Five days is just right

Five days is just right

This was only the second time we visited Macedonia, and for first time Skopje and Kavadarci. The trip was rough, both to and back, but the scenery is irreplaceable. The route was Mostar – Sarajevo – Tuzla – Belgrade and finally Skopje.

We entered Macedonia around dawn, immediately noticing that not much is different than here in our country.  The people look the same; the air is practically the same, even the smell. The whole atmosphere is quite similar. To clarify, we had travelled all through the night and, and other than the bathroom breaks, we slept through most of it. So, when we woke up, it’s as if we had gone through an incredibly uncomfortable teleporter that gives you a cramp in your lower back.

The first funny part of Skopje was an encounter with a taxi driver at the bus station. While we were trying to triangulate ourselves and the hostel, and calculating how much time would it take to walk to it, about 6-7 taxi drivers approached, offering to drive us there. We declined all, not wanting to waste money. But one more came up saying: Hey Bosnia, our cabs are much more affordable. Where do you need to go?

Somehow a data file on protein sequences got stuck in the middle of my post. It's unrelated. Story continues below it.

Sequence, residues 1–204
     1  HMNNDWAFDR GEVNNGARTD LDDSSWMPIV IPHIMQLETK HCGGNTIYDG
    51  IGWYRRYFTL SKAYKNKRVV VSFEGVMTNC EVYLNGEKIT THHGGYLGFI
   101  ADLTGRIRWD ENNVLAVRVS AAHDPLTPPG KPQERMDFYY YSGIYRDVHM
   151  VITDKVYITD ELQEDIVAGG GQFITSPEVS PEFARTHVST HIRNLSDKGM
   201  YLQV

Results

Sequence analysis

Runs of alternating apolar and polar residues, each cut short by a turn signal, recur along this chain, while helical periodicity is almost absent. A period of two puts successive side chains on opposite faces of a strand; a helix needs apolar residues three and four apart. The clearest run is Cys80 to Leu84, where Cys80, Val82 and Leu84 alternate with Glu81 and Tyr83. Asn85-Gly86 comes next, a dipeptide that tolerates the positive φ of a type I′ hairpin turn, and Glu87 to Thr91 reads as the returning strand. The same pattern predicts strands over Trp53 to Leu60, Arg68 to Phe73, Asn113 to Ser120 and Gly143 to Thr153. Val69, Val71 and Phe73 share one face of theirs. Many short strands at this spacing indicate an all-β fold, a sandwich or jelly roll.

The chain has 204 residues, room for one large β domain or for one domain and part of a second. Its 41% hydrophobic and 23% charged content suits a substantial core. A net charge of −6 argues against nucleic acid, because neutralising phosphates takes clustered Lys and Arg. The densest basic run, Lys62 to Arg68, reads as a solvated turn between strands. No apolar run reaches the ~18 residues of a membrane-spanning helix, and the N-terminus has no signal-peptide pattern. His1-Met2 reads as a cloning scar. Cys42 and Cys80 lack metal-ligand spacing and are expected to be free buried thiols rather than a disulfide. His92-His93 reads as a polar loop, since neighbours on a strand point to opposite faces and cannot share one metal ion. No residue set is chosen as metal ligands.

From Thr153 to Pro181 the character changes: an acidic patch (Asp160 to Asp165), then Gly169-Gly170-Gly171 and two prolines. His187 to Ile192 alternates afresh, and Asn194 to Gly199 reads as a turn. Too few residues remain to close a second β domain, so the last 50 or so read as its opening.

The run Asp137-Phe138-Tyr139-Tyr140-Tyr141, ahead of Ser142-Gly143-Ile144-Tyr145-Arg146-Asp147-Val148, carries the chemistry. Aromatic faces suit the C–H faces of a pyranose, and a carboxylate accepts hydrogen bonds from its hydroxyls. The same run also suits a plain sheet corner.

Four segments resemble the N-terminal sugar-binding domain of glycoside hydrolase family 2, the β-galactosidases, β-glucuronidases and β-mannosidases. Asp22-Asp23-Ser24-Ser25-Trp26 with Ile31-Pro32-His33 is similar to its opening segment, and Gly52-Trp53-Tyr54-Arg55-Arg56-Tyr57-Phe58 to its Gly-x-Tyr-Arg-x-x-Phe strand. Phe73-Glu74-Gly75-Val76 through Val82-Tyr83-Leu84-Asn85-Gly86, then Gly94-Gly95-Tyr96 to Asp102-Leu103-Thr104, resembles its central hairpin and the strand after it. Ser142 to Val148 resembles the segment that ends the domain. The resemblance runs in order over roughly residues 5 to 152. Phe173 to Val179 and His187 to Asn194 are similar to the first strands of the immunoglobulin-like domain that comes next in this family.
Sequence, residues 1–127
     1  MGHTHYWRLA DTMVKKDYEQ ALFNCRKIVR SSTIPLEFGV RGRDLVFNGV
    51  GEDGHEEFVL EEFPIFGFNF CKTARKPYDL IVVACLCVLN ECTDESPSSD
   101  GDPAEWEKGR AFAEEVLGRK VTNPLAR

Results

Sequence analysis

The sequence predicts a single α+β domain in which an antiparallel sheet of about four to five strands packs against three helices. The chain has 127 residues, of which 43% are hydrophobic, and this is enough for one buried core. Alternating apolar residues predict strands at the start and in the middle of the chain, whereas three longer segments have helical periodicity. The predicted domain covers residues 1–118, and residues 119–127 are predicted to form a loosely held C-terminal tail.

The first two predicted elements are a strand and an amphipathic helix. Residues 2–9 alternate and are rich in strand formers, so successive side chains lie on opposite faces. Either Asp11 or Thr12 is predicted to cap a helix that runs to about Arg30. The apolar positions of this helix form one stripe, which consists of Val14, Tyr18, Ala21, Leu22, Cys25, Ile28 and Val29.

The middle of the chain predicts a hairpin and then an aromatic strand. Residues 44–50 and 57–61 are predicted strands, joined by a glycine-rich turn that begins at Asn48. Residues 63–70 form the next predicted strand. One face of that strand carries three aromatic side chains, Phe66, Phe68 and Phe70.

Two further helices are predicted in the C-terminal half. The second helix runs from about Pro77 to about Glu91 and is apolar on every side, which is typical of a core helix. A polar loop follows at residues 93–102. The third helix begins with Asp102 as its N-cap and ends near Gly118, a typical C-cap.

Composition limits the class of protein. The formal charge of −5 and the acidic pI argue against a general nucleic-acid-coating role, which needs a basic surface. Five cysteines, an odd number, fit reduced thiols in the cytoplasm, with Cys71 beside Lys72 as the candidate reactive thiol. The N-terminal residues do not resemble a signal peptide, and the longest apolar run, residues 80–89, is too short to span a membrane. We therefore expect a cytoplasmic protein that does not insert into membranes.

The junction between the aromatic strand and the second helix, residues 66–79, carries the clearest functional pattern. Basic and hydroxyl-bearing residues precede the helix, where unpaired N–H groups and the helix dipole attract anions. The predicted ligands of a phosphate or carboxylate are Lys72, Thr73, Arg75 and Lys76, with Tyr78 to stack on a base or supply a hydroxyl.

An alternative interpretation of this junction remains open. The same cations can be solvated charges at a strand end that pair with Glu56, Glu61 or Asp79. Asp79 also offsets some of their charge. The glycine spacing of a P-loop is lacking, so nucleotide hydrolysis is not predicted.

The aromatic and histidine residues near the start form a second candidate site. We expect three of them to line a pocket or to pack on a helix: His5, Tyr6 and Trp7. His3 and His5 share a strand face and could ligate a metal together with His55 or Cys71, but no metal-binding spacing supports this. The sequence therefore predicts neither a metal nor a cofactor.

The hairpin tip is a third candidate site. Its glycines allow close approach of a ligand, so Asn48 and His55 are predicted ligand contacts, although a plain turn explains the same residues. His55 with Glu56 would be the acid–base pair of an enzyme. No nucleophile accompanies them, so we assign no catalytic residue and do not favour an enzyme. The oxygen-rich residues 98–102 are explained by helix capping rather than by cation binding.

Needless to say, he is a funny and polite guy. He even offered his phone to call Tanja, the hostel owner, and tell her to pick us up. Hostel Skopje is a warm recommendation for all visitors.

On the evening of our arrival, we met with YC Dimitar, who gave us a quick tour of Skopje. The centre of the city is flooded with sculptures and gleaming, neo-classical buildings complete with ornate columns and rooftop figures of nymphs. Bridges lined with pristine statues of Macedonian heroes, artists and politicians cross the slow-moving waters of the Vardar River. This project, known as Skopje 2014, had two main aims: to draw in more tourists and to try to reclaim aspects of the country’s history from neighbouring Greece, appealing to the patriotism of many ethnic Macedonians.